Health Benefits of Saigon Cinnamon

Reviewed by Dan Brennan, MD on September 18, 2020

Saigon cinnamon, also called Vietnamese cinnamon, is a type of cassia cinnamon that comes from the cassia cinnamon tree. It’s an evergreen tree that grows in Southeast Asia. The bark is either rolled up into small tubes or ground into a fine powder. 

Known scientifically as Cinnamomum loureiroi, Saigon cinnamon is a spice. Along with other varieties of cinnamon, it’s one of the oldest spices in the world. It was even used in ancient Egypt and mentioned in the Bible. It was also of great importance in ancient China. Many civilizations considered it to be more valuable than gold. 

All varieties of cinnamon have unique differences. Sri Lankan cinnamon has the most delicate and complex flavor. Saigon cinnamon, on the other hand, has a higher cinnamaldehyde content, and therefore the strongest flavor. 

The spicy and sweet flavor of Saigon cinnamon makes it an excellent addition to many different dishes. It also provides some amazing health benefits.

Health Benefits

Several studies show that Saigon cinnamon, along with other varieties of the spice, has anti-inflammatory properties. The cinnamaldehyde and eugenol compounds have antioxidant effects, which can help to fight inflammation. Chronic inflammation may contribute to different health conditions, such as heart disease, diabetes, digestive issues, Alzheimer’s disease, and more. Studies show that cinnamon can help to suppress the expression of inflammatory compounds, which may reduce inflammation in the body.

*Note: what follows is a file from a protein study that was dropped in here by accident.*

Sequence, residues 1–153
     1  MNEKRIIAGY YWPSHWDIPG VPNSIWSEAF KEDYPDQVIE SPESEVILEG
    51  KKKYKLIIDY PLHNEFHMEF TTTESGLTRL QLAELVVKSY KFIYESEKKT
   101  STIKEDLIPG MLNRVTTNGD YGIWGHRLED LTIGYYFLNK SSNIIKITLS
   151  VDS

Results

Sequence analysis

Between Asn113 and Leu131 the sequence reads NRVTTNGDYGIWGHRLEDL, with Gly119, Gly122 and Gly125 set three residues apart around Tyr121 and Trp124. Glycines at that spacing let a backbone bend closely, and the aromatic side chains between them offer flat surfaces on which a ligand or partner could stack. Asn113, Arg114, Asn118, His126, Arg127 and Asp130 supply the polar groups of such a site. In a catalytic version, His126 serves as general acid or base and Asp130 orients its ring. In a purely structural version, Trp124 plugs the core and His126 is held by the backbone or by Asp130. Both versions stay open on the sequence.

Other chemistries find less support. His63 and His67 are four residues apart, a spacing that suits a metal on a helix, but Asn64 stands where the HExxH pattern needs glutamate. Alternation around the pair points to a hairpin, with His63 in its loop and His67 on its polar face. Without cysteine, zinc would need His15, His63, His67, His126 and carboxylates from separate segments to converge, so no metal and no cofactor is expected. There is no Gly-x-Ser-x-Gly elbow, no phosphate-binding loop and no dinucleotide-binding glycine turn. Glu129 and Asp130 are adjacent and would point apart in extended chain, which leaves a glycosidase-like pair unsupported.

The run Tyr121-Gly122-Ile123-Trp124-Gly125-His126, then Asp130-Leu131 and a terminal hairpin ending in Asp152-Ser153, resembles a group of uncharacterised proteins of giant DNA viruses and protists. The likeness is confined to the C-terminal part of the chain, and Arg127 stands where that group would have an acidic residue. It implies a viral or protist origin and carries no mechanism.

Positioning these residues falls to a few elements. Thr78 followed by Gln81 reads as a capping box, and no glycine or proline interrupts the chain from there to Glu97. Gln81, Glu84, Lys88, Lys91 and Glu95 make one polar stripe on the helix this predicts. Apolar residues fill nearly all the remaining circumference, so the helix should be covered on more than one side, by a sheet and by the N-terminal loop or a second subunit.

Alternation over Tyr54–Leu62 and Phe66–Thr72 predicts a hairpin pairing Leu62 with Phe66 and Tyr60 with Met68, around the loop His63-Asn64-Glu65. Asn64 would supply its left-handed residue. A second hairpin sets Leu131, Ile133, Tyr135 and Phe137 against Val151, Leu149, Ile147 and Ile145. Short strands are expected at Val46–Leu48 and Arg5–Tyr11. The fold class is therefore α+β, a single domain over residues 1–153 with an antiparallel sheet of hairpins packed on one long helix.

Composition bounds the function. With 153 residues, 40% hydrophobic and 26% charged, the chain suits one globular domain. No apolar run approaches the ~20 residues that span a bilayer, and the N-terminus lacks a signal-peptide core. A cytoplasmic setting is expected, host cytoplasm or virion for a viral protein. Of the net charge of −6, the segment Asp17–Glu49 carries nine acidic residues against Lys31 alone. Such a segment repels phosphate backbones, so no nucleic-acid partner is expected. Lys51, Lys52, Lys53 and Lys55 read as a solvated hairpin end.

Other health benefits of Saigon cinnamon include:

Preventing clot formation. Saigon cinnamon has a high concentration of cinnamaldehyde, a compound known for its effects on platelets and preventing clot formation. It also contains coumarin (more than other varieties of cinnamon), another compound known to help prevent clots.

Fighting bacteria and fungus growth. Many studies show that cinnamon is effective as an antimicrobial agent. One study of Saigon cinnamon specifically showed that an extract of the spice was effective against Listeria. Another study found that the oil may be effective against the bacteria that causes Lyme disease

Regulating blood sugar levels. As a type of cassia cinnamon, Saigon cinnamon may aid in reducing insulin resistance, which can help to regulate your blood sugar. Some studies also show that cassia cinnamon may help to reduce blood sugar levels in people with diabetes.

May help to prevent cancer. An in-vitro study found that cinnamon extract may be effective for stopping the growth of cancerous tumors and destroying cancer cells. More research is needed. 

Improving brain function. Smelling cinnamon may help to increase cognitive processing, improving memory and visual-motor response speed. It may also help to prevent the buildup of a specific protein in the brain that may contribute to Alzheimer’s disease.


Like other varieties of cinnamon, Saigon cinnamon is a good source of vitamin C and manganese. It also contains other vitamins and minerals such as:

Saigon cinnamon also contains small amounts of:

Nutrients Per Serving

A one-teaspoon serving of ground cinnamon has:

  • Calories: 6 
  • Protein: 0 grams
  • Fat: 0 grams
  • Carbohydrates: 2 grams
  • Fiber: 1 gram
  • Sugar: 0 grams

Things to Watch Out For